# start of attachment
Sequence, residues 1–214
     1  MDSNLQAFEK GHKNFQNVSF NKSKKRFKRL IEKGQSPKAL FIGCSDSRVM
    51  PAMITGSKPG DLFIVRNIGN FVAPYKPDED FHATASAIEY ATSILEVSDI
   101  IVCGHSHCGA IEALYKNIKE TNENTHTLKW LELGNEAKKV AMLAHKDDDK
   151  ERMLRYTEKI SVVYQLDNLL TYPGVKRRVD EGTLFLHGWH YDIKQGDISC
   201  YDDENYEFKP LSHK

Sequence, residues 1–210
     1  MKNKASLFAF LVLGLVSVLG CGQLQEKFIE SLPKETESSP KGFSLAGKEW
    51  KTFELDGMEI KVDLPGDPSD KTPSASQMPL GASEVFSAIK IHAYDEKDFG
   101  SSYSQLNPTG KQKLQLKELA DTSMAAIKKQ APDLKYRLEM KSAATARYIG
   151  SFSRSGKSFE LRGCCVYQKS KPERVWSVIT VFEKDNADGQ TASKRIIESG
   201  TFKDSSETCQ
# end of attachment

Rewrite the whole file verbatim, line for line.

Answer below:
Sequence, residues 1–214
     1  MDSNLQAFEK GHKNFQNVSF NKSKKRFKRL IEKGQSPKAL FIGCSDSRVM
    51  PAMITGSKPG DLFIVRNIGN FVAPYKPDED FHATASAIEY ATSILEVSDI
   101  IVCGHSHCGA IEALYKNIKE TNENTHTLKW LELGNEAKKV AMLAHKDDDK
   151  ERMLRYTEKI SVVYQLDNLL TYPGVKRRVD EGTLFLHGWH YDIKQGDISC
   201  YDDENYEFKP LSHK

Sequence, residues 1–210
     1  MKNKASLFAF LVLGLVSVLG CGQLQEKFIE SLPKETESSP KGFSLAGKEW
    51  KTFELDGMEI KVDLPGDPSD KTPSASQMPL GASEVFSAIK IHAYDEKDFG
   101  SSYSQLNPTG KQKLQLKELA DTSMAAIKKQ APDLKYRLEM KSAATARYIG
   151  SFSRSGKSFE LRGCCVYQKS KPERVWSVIT VFEKDNADGQ TASKRIIESG
   201  TFKDSSETCQ